I’ve done a few science based blogs in the past and they went over very well. I promised at the time to go in to more detail at some point so here I am. Please pardon my inner medical geek. 😉
I will not use any triggering type memories to explain anything. You are safe here. I promise.
When we talk about trauma, we are really talking about is fear.
Fear is at the core of any traumatic event and how we process that fear is the basis for a PTSD diagnoses.
Being scared or fearful alone is not enough thank goodness. It is situations that have caused terror. A true and real fear for your life or physical/emotional safety.
Trauma/terror and that fear causes physical changes within the brain that fundamentally change the way a person’s brain works. It is not just “in your head”. There are truly dramatic changes caused to the physical brain and how the brain functions.
If we take a step back and look at some things that we consider core human capacities like the ability to reason, to think, control our impulses, to plan ahead, and contain our emotions so a situation that makes us angry does not make us automatically lash out or hurl obscenities without first thinking of a rational thought. These processes and the ability to contain emotions all take part within the frontal lobes of the brain which I prefer to refer to as the “Thinking Brain”.
This Thinking Brain is the last to develop in your growth. It does not reach its full maturity until a girl is roughly 21 and a boy is roughly 25. This is one of the wonderful reasons why teenagers are so darn fun! When you ask them “What on earth made you do that?” and they look at you with wide eyes and say “I don’t know.”. They really mean it. They don’t know.
The Thinking Brain is also very sensitive. It does not deal well with trauma or stress.When you get stressed or experience trauma, your Thinking Brain reacts very poorly. This does not have a major impact on your life for every day stressors but I am sure you can rather easily see that no one makes the best decisions when feeling pressured or stressed.
If you do not know about the Amygdala, it would be very helpful for you to read this before continuing on. The Amygdala
This is the part of the story where trauma changes the game completely.
If a trauma is severe enough, the fear epicentre of our brains, the amygdala, sends messages to your brain stem and cells within this area causes a cascade of 2 chemicals. Norepinepherine and dopamine.
These chemicals have an incredibly dramatic effect on the Thinking Brain (frontal lobes). They basically handicap it. They take your ability to stop, think calmly and make a rational decision away from you. Not completely, but they do a very effective job at making you have a very hard time doing even simple tasks that you would normally find very simple. Controlling your impulses, planning ahead, or containing emotions becomes very difficult.
Another function of your Thinking Brain is to remember events. The hippocampus helps too but I will stroke the hippocamus’s ego on another day. Fair enough?
When something important happens in your life, something memorable and good, you can go back and recall details for people. For the most part, you can recall those memories in sequence and also in context. An example, the day I got married. I awoke, we went out for breakfast with the few friends we had invited (we were semi-eloping), we returned to the hotel, I did my hair and my make-up, I put on my cranberry coloured pantsuit (sorry… I HATE dresses)… then I panicked! I got cold feet in a big way but now it is an amusing story to tell the kids. The memories from this day make sense. I can go forwards or backwards, I can relate one event to another. It’s quite easy to make an amusing story out of it all now with ease.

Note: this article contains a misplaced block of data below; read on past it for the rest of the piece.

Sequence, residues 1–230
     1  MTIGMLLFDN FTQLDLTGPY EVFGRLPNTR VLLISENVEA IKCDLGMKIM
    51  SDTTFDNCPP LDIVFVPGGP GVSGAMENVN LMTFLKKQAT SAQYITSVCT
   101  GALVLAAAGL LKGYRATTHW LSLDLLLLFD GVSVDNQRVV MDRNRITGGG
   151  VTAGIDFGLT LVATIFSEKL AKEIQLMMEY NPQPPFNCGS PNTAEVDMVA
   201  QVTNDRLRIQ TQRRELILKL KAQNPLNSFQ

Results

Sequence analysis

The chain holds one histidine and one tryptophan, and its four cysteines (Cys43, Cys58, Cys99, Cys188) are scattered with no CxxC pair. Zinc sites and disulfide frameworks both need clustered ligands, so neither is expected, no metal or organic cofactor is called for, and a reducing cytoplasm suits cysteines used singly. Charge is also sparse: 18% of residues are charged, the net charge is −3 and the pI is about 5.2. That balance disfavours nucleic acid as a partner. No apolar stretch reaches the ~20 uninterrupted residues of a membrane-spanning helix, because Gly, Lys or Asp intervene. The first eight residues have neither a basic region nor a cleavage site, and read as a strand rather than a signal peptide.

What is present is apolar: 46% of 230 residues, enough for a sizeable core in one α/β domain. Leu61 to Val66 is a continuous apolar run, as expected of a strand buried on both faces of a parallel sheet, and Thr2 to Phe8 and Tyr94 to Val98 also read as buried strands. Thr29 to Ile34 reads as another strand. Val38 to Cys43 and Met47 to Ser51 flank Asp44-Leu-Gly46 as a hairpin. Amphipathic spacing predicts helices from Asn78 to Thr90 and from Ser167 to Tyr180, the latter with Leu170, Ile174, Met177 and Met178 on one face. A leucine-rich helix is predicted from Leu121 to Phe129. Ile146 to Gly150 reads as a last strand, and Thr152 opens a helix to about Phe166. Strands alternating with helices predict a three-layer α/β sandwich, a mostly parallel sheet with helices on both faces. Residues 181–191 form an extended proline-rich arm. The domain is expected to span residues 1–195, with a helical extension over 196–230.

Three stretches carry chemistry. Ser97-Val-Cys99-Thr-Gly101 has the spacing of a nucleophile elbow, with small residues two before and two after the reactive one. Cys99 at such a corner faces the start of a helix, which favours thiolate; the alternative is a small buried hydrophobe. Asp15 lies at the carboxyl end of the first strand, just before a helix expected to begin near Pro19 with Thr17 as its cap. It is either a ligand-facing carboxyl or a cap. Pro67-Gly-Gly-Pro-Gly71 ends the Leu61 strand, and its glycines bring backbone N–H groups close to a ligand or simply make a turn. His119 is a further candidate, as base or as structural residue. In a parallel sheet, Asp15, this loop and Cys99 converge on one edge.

With a traumatic event, the amygdala and what I like to refer to as the “Reptilian Brain” takes over. This is the place where you find the instincts to fight, freeze, or take flight. It controls your heart rate, your breathing and many other very important life-sustaining functions. It does not however do any “thinking”. This area just reacts. It’s very primal and what the heck? Reptilian sounds cool right?
Memories that are stored here, the traumatic or terrifying ones do not get the same benefits that the Thinking Brain is able to offer. The memories stored here do not get encoded/processed correctly and they are stored as largely sensory information. The memories also tend to be fragmented and very intense.
You may recall nothing that makes much sense to you about a whole hour during the trauma but you can recall the smell of a certain hairspray as though it is glued to the inside of your nose. You may recall the sight or the sound of a flag flapping in the wind. You may feel that you can taste the salty air or be able to recall the feel of a smooth rock in your hand. These memories are almost burned in to your memory as fragments and these are also the reason for flashbacks and nightmares. You are reliving the memory of that flag flapping in the wind and even though there is no flag and no danger now? Those sheets on the clothesline took you right back to your trauma.
This is not something that is done willingly in any way. These memories just pop up and completely overwhelm the brain all over again. It becomes a vicious loop of triggers, flashbacks, nightmares, fear, memories that make no sense and now thanks to the damn little amygdala firing off all the time rather than only when needed? Those memories do not get to travel to the Thinking Brain is such a way that the Thinking Brain can make sense of them. This makes the event extremely hard to find any resolutions or endings to.
This is the birthplace of PTSD.
To be continued on Wednesday…
“How do we attempt to make sense of our trauma?”